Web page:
The high-stakes decision evolved over the last few days, as advocates for immigrant students listened to concerns of uncertain regents and tried to bring them around. Some questioned whether hiring students without work authorization would imperil their safety and any future ability to legalize their status. Students, however, say it should be their decision to weigh those risks.
UC officials have also weighed the potential for litigation against the university, public backlash and possible legal exposure to faculty and staff who would hire the students. Leib said regents need to make sure they consider the effect on all university members, including campus leaders who will need to implement any new policy.
Critics have warned of ramifications if UC moved forward with hiring those without legal status.
"If officials at the University of California were to knowingly hire aliens not authorized to work under federal law, they would be opening themselves up to both civil and, potentially, criminal penalties," said George Fishman, a senior legal fellow at the Center for Immigration Studies.
Rep. Darrell Issa (R-Bonsall) wrote to Gov. Gavin Newsom this week asserting that federal law preempts state or local immigration actions and implied that UC would lose its federal funding by adopting the "legally unsound and sweeping policy."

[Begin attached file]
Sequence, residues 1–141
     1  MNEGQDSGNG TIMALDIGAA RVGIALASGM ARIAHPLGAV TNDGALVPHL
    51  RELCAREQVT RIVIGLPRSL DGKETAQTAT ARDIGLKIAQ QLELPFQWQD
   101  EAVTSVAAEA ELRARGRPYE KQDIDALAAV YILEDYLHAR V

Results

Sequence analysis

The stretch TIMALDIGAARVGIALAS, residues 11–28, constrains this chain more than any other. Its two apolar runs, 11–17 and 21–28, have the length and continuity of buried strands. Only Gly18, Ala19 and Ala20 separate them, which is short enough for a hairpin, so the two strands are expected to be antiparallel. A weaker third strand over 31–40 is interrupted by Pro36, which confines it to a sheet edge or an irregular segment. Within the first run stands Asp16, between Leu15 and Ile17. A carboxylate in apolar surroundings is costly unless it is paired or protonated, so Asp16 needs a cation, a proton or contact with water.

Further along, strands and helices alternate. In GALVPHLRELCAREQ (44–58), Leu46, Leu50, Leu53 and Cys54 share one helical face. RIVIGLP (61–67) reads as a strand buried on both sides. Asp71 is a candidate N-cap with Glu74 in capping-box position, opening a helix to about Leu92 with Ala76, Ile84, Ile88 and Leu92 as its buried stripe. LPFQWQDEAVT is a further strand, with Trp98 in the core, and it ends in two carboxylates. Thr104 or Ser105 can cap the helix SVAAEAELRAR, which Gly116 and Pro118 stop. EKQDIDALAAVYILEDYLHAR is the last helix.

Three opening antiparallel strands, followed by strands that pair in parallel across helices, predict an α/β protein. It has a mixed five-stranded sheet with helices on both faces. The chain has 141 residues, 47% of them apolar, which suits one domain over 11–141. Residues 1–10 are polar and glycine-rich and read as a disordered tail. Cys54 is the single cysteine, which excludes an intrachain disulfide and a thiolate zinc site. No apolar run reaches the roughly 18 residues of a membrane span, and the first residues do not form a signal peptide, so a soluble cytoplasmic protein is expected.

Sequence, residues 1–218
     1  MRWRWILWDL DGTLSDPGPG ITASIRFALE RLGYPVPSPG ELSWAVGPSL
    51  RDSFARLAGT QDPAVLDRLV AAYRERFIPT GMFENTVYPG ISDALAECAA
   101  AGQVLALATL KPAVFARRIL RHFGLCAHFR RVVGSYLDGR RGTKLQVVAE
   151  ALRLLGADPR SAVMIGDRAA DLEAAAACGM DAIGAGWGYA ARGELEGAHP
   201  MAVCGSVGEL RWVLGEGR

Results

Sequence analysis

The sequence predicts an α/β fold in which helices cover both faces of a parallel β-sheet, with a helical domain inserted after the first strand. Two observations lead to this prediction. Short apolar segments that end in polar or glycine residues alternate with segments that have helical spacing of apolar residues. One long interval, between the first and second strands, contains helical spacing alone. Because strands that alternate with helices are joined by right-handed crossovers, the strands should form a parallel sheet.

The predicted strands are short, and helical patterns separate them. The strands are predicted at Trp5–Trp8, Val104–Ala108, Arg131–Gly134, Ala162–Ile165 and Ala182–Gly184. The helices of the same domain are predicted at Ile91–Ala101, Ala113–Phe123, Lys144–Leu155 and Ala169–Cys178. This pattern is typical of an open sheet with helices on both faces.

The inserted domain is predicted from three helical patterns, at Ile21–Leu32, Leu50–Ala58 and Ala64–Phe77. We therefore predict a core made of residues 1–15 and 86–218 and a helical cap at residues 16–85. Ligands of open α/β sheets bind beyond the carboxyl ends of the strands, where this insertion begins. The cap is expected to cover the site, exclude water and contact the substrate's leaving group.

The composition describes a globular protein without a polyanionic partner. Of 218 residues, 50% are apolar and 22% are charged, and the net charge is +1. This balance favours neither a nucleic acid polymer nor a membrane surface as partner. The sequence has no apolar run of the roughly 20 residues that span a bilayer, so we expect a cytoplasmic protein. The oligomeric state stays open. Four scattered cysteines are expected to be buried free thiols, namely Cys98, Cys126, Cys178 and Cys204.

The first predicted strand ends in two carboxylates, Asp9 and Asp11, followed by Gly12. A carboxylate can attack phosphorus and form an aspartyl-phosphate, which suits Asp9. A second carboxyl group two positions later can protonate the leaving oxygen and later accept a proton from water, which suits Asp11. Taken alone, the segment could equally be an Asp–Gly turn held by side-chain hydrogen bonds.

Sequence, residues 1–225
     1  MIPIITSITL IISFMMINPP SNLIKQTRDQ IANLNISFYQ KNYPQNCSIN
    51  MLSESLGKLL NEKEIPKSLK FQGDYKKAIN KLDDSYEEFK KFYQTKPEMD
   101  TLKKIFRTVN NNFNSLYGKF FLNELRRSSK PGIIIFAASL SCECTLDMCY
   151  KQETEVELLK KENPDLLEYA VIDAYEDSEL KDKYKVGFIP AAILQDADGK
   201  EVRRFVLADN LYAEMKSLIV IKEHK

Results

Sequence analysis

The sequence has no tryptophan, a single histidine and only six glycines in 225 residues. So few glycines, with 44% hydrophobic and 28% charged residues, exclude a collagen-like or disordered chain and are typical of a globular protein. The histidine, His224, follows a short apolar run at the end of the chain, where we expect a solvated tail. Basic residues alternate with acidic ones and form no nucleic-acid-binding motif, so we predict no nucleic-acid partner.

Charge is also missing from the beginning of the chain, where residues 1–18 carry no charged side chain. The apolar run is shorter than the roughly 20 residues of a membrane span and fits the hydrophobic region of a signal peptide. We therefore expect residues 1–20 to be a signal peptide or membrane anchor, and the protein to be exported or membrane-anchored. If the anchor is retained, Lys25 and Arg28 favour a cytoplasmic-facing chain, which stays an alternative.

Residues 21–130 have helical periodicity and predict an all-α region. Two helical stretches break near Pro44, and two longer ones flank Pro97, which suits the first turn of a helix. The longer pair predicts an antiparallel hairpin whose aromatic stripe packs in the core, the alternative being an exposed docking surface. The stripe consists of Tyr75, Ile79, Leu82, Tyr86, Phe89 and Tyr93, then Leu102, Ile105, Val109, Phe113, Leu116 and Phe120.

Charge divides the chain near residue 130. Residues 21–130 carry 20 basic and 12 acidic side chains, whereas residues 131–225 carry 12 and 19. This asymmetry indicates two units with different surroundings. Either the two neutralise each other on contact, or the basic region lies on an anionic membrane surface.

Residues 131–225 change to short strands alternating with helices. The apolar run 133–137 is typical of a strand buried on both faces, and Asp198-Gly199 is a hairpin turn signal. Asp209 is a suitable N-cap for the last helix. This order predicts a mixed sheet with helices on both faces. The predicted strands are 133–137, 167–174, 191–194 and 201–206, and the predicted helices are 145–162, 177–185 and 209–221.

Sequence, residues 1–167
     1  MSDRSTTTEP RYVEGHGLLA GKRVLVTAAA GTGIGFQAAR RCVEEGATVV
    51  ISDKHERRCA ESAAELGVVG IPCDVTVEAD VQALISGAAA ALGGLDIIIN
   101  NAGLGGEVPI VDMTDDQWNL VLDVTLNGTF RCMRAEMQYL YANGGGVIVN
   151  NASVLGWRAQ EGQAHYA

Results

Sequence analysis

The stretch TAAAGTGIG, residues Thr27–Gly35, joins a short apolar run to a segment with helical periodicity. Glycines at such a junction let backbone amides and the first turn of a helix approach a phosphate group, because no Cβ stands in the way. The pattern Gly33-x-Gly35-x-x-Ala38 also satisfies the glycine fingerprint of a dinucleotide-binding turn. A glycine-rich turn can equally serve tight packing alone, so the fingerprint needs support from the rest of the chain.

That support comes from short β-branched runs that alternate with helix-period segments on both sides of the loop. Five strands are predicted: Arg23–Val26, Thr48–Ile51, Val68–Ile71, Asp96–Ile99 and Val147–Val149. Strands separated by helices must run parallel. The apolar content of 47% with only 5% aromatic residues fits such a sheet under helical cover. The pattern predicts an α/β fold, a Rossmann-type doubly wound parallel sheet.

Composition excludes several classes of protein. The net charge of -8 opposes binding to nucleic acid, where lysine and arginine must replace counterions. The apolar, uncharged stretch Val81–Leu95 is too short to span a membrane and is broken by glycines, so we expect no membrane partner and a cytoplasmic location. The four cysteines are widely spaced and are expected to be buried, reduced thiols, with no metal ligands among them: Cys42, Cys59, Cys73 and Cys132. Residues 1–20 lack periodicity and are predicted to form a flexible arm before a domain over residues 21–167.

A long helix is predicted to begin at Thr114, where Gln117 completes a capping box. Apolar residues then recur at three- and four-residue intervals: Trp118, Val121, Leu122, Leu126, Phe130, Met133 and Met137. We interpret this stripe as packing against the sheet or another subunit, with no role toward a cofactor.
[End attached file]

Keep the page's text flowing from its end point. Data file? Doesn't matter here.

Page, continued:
Regent Jose Hernandez, the son of Mexican migrant workers who became a NASA engineer and astronaut and now heads an aerospace firm, said he had been prepared to vote to authorize the hiring despite the risks, but supported the working group.
"It's these tough decisions where one has to stand up and do the right thing," he said. "We need to give every student the same educational opportunity. And right now we have a two-class system where our undocumented students aren't allowed to partake in gaining that experience that's going to be useful for their careers."
The plight of students without legal status has intensified since 2017, when the Trump administration ended an Obama-era program known as Deferred Action for Childhood Arrivals — or DACA — which granted work permits and protection from deportation to certain youths who were brought to the United States as children.
A court ruling subsequently limited the government to granting DACA renewals — not accepting new applications — which has shut out a new generation of recipients. In 2023, an estimated 100,000 immigrant youths graduated from high school without legal status or DACA benefits — including about 27,000 in California.